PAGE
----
CT scans, MRIs, and PET scans are among the many advanced imaging options available to doctors and patients today. Although these tests have revolutionized medical care, they also come at a cost. But not only are these tests expensive — many of them expose patients to radiation, and all of them can reveal potential problems that turn out to be harmless, but require follow-up tests to be sure. Rather than have insurance companies act as gatekeeper, it may be more effective to have clinicians consult with imaging experts when deciding on which, if any, tests are necessary.
In many men diagnosed with prostate cancer, the cancer cells grow so slowly that they never break free of the gland, spread to distant sites, and pose a serious risk to health and longevity. Instead of embarking on immediate treatment, a growing number of men choose active surveillance, in which doctors monitor low-risk cancers closely and consider treatment only when the disease appears to make threatening moves toward growing and spreading. A new Harvard study shows that the aggressiveness of prostate cancer at diagnosis remains stable over time for most men. If confirmed, then prompt treatment can be reserved for the cancers most likely to pose a threat, while men with slow-growing, benign prostate cancer—which is unlikely to cause problems in a man’s lifetime—can reasonably choose active surveillance.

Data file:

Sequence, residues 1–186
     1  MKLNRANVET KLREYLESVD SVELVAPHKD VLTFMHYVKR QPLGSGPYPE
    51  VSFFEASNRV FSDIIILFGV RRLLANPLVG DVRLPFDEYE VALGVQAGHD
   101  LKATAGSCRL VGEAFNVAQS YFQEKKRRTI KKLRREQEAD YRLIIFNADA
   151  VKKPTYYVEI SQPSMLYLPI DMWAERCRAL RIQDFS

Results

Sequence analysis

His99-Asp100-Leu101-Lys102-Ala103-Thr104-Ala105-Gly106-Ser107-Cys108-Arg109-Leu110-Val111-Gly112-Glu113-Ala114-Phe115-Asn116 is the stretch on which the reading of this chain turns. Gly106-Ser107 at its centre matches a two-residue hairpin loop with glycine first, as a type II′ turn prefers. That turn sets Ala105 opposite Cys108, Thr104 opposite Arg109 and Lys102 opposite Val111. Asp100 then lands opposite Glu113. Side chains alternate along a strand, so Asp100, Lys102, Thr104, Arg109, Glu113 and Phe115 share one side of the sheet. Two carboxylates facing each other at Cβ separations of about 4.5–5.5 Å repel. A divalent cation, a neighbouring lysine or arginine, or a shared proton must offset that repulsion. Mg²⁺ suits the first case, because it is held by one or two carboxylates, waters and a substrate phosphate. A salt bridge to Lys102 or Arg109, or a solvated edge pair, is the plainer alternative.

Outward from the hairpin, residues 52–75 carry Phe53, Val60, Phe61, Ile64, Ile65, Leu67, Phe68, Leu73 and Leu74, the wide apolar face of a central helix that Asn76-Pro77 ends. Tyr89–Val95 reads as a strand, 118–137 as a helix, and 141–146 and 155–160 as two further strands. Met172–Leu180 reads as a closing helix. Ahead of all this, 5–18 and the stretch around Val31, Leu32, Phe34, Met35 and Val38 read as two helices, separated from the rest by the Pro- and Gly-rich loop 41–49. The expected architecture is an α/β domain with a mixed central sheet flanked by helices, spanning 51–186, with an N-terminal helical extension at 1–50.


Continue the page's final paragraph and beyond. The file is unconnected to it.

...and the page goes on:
It can be hard to understand what the release of radiation from Japan’s earthquake-damaged Fukushima Daiichi nuclear power plant means in terms of human health. Are the radiation levels dangerous and, if so, how dangerous. Most reporters put the risk into perspective using words. Cartoonist Randall Munroe and nuclear reactor operator Ellen McManis have put together different ways of illustrating the risk visually, while radio producer Adam Ragusea offers an audio illustration of various radiation exposures.
Minutes after I posted my article today about radiation from the damaged Fukushima Daiichi nuclear power plant not reaching the United States in harmful amounts, I heard a news report about iodine-131 from the plant being detected in rainwater in Massachusetts. Iodine-131 is a radioactive form of iodine. It’s a byproduct of the reaction that […]
Even though the situation at the earthquake-damaged Fukushima Daiichi nuclear power plant in Japan remains unsettled, the likelihood that radiation released by the crippled power plant will reach the United States is slim. Harvard Health Letter editor Peter Wehrwein talks with Dr. Richard Zane, a disaster planning expert at Harvard-affiliated Brigham and Women’s Hospital, about potassium iodide pills: what they can—and can’t—do, their benefits and hazards, and why Americans should not be stockpiling or taking them.
Several people who read my earlier post about radiation readings at the Fukushima Daiichi nuclear power plant in Japan pointed out that the time period over which the radiation exposure occurs is important. They’re right—the radiation dose and how long you are exposed to it determine how much radiation you are receiving. That is why […]